Dear Tomodachi

Keiko Takegawa
Director General, Public Relations Office
Cabinet Office
Government of Japan

Umezawa Manor, Sagami Province (Soshu Umezawa-no-sho)
Around 1830~1832
From the series Thirty-Six Views of Fujisan (Fugaku Sanjurokkei)
Ukiyo-e woodblock print
Katsushika Hokusai (1760~1849)
Print courtesy of the Adachi Foundation for the Preservation of Woodcut Printing

Sanuki Fuji
Mountain of 421.87m in Shikoku region of Japan ,Kagawa Prefecture

Thank you for your continuing goodwill toward Japan as valued tomodachi. My compatriots and I are especially grateful to those of you who supported the recent registration of Fujisan as a UNESCO World Heritage site.

Fujisan, Japan's tallest peak, presents ever-changing beauty through the four seasons. But what UNESCO cited in registering the mountain as a World Heritage site is cultural importance: Fujisan's combination of tangible and intangible value as a "sacred place and source of artistic inspiration".

I am eager for you and people everywhere to know more about the multifaceted wonders that are the nation and the culture of Japan. Those wonders include delectable cuisine, such as sushi, and natural beauty, such as the annual efflorescence of cherry blossoms, not to mention Japan's marvels of technological innovation. But our nation is far more than these familiar attractions.

The Japanese archipelago stretches across an arc of some 3,000 kilometers. It is rich in cultural diversity and interesting traditional practices. One striking practice reflects the Japanese reverence for Fujisan. People have named and long cherished "mini-Fujis" across the nation. For example, a hill known as Sanuki Fuji stands near my hometown in the Sanuki region on the island of Shikoku. I would be delighted for you to have the chance one day to see this endearing knoll.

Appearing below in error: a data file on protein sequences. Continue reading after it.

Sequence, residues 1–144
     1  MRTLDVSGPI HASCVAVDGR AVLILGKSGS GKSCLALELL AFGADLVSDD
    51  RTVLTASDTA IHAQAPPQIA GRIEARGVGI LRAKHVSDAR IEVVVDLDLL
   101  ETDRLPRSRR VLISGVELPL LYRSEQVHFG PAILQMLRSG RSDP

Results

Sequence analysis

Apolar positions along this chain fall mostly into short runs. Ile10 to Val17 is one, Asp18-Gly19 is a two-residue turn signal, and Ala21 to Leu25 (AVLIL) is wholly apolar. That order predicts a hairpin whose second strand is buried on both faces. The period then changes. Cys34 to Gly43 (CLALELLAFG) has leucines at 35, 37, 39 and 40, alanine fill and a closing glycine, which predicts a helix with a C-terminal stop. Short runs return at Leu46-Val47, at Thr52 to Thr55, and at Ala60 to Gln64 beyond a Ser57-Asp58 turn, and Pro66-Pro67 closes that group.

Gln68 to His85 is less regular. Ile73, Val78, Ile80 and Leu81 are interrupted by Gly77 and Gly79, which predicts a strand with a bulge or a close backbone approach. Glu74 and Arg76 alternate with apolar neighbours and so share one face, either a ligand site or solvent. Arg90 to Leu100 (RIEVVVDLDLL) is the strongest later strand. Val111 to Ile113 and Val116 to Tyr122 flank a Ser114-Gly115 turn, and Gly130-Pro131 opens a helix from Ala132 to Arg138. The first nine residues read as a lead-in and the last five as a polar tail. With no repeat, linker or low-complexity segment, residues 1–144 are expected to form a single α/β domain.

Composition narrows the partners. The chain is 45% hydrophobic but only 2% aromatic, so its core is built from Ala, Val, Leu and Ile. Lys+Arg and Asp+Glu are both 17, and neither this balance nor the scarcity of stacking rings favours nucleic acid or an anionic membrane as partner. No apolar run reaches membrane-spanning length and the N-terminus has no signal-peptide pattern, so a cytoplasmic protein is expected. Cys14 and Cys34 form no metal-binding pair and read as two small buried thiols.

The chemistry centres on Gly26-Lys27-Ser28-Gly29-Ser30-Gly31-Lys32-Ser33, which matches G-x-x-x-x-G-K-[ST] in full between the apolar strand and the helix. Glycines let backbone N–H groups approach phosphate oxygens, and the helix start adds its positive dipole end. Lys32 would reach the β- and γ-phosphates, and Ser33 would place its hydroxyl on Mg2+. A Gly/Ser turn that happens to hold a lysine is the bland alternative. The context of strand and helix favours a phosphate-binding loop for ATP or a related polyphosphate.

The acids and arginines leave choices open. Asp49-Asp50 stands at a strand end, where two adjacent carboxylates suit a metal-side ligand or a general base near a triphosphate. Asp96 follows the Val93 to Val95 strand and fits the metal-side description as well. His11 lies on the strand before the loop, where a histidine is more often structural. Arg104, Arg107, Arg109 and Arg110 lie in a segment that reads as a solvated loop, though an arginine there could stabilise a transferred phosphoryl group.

Please allow me to stay in touch with you through occasional tomodachi greetings. These greetings will be an opportunity for me to invite your attention to Japanese topics of possible interest: sightseeing opportunities, culinary discoveries, advances in medical care, and messages from our prime minister, Shinzo Abe.

I hope through these greetings to provide you with a broader understanding of our nation. I hope, too, that you will share your understanding of Japan in your own words with your friends and acquaintances. And I hope that you will share friendly feedback with me about your impressions of our nation. Let these greetings be a channel for reinforcing our mutually invaluable ties.

Your tomodachi,

Keiko Takegawa